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Star Trek-Like Device Could Replace Medical Test Equipment

Star Trek-Like Device Could Replace Medical Test Equipment

Levi Beckerson / Daily Tech

October 03, 2008

‘Not quite a tricorder, this handheld device from the University of Leeds still promises ELISA-like medical diagnosis as well as other speedy results.’ -

ELISA, or Enzyme Linked Immunosorbant Essay, has been the de facto test for detecting many diseases and conditions that assail the body. Unfortunately, the tests require urine or blood samples, skilled technicians and several hours to complete. A group of University of Leeds scientists may just do away with the wait and difficulty of ELISA tests with a new device in development.

The project which may spawn the replacement, in a bit of an ironic twist, is called ELISHA for Electro-Immunointerfaces and Surface Nanobiotechnology: A Heterodoxical Approach. The 2.7M € project delves into new methods for electronic measurements and attaching antibodies to different kinds of surfaces.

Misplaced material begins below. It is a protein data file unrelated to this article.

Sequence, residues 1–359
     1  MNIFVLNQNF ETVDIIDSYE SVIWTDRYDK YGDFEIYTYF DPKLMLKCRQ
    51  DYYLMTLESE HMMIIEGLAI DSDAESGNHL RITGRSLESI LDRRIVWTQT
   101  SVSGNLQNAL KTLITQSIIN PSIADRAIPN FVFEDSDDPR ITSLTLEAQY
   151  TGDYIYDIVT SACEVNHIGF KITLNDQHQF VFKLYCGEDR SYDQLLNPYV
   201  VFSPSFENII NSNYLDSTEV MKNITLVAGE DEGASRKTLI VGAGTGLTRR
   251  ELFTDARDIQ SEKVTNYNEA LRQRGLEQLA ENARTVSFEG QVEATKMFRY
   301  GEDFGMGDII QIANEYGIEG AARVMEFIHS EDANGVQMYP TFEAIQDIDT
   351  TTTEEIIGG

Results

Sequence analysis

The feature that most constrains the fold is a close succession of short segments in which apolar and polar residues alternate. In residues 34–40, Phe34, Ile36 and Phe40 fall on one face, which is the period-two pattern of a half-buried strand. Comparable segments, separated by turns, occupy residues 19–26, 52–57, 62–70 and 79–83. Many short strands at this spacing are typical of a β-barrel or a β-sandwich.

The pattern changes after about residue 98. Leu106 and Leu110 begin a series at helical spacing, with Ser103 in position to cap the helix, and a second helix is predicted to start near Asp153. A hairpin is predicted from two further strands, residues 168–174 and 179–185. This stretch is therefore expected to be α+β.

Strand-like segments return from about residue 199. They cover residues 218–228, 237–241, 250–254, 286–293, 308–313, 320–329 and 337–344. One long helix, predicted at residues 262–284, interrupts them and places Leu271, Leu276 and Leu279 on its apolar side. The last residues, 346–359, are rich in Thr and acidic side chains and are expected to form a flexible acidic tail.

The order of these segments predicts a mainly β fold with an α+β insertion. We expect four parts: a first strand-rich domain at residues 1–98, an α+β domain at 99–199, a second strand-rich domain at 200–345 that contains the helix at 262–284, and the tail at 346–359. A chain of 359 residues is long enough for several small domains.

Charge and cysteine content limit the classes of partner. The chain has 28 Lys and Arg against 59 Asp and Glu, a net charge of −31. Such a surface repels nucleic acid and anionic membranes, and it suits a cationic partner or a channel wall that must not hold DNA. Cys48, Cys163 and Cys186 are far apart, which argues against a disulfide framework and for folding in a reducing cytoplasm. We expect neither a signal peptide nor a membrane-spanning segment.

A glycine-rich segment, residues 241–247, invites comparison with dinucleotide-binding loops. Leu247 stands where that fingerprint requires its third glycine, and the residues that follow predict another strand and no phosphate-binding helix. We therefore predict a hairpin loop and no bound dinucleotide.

The Leeds team has already shown promise for such a device with their new detectors which can return results in as little time as 15 minutes. The simple device uses antibodies which are attached to a sensing surface to detect known biochemical markers. So far they have been able to tune the detector to see various types of cancers, strokes, fungal infections, heart disease and multiple sclerosis.

Dr. Paul Millner, coordinator for ELISHA and faculty of the University of Leeds has high hopes for the project. “We believe this to be the next generation diagnostic testing. We can now detect almost any analyte faster, cheaper and more easily than the current accepted testing methodology.”

The biosensor will be easy to use and quite versatile. Dr. Millner compares the device to a standard glucose biosensor used by diabetics in terms of functionality. The Leeds group also sees the device utilized for other advanced testing such as for HIV or tuberculosis, and non-medical sensing purposes like checking for pollutants in water or antibodies in milk.

Though still requiring moving components and not quite as speedy, it seems like the first steps towards a staple of science fiction, the versatile tricorder, are being made in earnest.


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